NEW: Is Stakeholder Value an Excuse for Underperfoming Managers? examines corporate communications following earnings announcements, finding managers are significantly more likely to cite stakeholder value maximization after earnings fall short of market expectations, and those results, given the inability to measure stakeholder value, may reduce managers’ accountability for financial performance.
Cooley reports that the World Economic Forum’s International Business Council, in cooperation with the Big Four accounting firms, released the results of a previously-announced initiative to develop common metrics to track environmental and social responsibility — the IBC Stakeholder Capitalism Metrics, presented in Measuring Stakeholder Capitalism – Towards Common Metrics and Consistent Reporting of Sustainable Value Creation — in World Economic Forum and Big Four present new framework for stakeholder capitalism metrics.
Wachtell discusses how corporate directors should incorporate Environmental, Social, & Governance and stakeholder-oriented considerations into board decision-making processes in A Framework for Management and Board of Directors – Consideration of ESG and Stakeholder Governance.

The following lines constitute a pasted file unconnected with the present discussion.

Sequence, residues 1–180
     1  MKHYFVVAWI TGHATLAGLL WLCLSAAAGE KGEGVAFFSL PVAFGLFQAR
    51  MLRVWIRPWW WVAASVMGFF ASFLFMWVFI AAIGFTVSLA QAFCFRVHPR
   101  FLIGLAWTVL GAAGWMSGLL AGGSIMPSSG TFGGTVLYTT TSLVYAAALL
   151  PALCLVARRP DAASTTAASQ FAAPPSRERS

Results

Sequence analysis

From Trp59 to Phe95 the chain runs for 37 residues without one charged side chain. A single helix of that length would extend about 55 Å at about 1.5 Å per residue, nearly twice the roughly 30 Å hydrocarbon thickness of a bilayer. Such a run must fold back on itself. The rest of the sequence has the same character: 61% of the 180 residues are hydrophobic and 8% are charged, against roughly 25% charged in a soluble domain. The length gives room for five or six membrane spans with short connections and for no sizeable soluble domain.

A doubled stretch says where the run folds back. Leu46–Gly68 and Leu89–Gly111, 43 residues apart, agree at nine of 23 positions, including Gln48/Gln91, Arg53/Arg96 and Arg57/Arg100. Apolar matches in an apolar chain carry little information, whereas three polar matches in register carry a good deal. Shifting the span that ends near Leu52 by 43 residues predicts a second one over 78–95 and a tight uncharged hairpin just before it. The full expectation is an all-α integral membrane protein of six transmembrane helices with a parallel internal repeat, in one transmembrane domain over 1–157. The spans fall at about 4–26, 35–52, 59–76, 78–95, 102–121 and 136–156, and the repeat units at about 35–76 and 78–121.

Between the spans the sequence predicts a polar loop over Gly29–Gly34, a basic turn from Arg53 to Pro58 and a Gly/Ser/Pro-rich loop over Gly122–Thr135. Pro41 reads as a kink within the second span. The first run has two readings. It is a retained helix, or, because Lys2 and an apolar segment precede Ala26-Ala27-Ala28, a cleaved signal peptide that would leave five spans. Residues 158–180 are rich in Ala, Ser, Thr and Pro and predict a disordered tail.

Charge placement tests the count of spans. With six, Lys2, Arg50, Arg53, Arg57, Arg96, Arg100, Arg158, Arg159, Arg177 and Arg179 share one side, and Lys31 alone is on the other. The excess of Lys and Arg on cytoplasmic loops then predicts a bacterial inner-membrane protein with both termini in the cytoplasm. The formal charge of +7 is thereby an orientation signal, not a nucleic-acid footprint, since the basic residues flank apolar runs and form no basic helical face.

Is Stakeholderism Bad for Stakeholders? responds to recent academic arguments that corporate focus on stakeholder interests will harm stakeholders and that shareholder value maximization remains the proper purpose of the corporation, asserting that objections are not inherently harmful to stakeholders, and depend on proper implementation of stakeholder-oriented reforms.
Wachtell responds to The Illusory Promise of Stakeholder Governance — a critical analysis of stakeholder primacy proposed in the Business Roundtable’s 2019 Statement that questions its efficacy and warns against its adoption — in Professor Bebchuk’s Errant Attack on Stakeholder Governance.
Cooley discusses a recent report by Morningstar — Proxy Voting by 50 U.S. Fund Families — on institutional investor voting on Environmental, Social, and Governance-related proposals, noting that support has increased over a five-year period but the largest funds have consistently voted against such proposals in How do the largest fund families vote on shareholder proposals related to ESG?
The Illusory Promise of Stakeholder Governance critically examines stakeholder primacy proposed in the Business Roundtable’s 2019 Statement, distinguishing between two versions of “stakeholderism” — “enlightened shareholder value” and “pluralistic” — and conducts economic and empirical analyses of their expected consequences, concluding that stakeholderism will not benefit stakeholders, but would impose substantial costs on shareholders, stakeholders, and society (disagreeing with academics signatories of the Corporate Governance for Sustainability Statement).